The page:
Is Our Galaxy a Rebel?

We are particularly fond of the Milky Way because it is the home of the Sun and the Earth (as well as another 100 billion other stars and still more planets).

The Milky Way forms the cornerstone against which we base our understanding of how other galaxies might work in detail. The question is: can the Milky Way be described as a typical spiral galaxy?

There are a few signs that the Milky Way may be a bit different from its neighbors. One clue comes from looking at the galaxy centers. All massive spiral galaxies like the Milky Way are found to harbor giant black holes, except that for the Milky Way this central supermassive black hole is smaller.

Another clue comes from an investigation of the surroundings of spiral galaxies. The Milky Way has dozens of very small galaxies in its immediate vicinity which we call satellites. Many of these satellites have been discovered only very recently as they are very faint owing to there being very few new stars being formed in them. At the same time, other nearby spiral galaxies have satellites that sustain much higher rates of star formation.

A new investigation is underway to increase our understanding of these differences, called the Satellites Around Galactic Analogs (SAGA) Survey led by a team at Yale University.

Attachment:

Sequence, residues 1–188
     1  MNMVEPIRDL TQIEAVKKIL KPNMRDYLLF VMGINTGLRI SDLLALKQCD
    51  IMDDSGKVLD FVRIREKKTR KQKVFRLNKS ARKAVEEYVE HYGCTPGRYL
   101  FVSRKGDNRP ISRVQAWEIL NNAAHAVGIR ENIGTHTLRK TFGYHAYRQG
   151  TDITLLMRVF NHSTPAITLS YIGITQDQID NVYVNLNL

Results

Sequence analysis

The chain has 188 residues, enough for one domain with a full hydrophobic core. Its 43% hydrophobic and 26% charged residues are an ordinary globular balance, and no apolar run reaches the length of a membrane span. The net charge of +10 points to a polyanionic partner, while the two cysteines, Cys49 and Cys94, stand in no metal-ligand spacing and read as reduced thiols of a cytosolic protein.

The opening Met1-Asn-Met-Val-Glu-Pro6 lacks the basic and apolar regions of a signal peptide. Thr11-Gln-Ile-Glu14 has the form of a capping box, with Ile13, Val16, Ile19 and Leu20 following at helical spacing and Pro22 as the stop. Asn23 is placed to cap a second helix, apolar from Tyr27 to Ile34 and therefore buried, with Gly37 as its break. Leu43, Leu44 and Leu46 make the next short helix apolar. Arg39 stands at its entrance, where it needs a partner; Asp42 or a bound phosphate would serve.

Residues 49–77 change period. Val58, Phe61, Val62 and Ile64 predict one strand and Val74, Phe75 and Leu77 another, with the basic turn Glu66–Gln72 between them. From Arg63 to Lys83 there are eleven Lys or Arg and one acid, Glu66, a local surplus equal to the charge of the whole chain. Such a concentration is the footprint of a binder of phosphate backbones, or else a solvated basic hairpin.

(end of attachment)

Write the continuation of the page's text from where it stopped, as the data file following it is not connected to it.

Learning about the differences between the Milky Way and other galaxies, if any, may help us to better understand our place in the universe.

Dr. Brenda Frye

About Dr. Brenda Frye

Brenda L. Frye is an observational cosmologist at the Department of Astronomy/Steward Observatory, University of Arizona. She earned her Ph. D. in Astrophysics from the University of California at Berkeley, assisted by a National Science Foundation Graduate Research Fellowship.

Her thesis work involved measuring the concentration of the total mass of visible plus dark matter in the fields of massive galaxy clusters, a program requiring the use of some of the largest telescopes in the world.

Moving a mile from her Ph. D. institution, she assumed a postdoctoral position with the Supernova Cosmology Project at Lawrence Berkeley National Laboratory under the direction of Professor Saul Permutter.

She then treked across the country to take a National Science Foundation Astronomy and Astrophysics Postdoctoral Fellowship and a Princeton Council on Sciences and Technology Fellowship both at Princeton University.

Moving further east, she became a Lecturer in Physics at Dublin City University in Dublin, Ireland, where a number of European collaborations were formed.

From there she crossed back across the pond to the west coast of the U. S. to become a tenure-track Assistant Professor of Physics at the University of San Francisco.

Her travels have now landed her at her Alma Mater in Tucson, where she teaches and does research. The aims of her research continue to be to use gravitational telescopes in space as 'lenses' to study the properties of dark matter and those of distant galaxies back to when the universe was <900 million years old.

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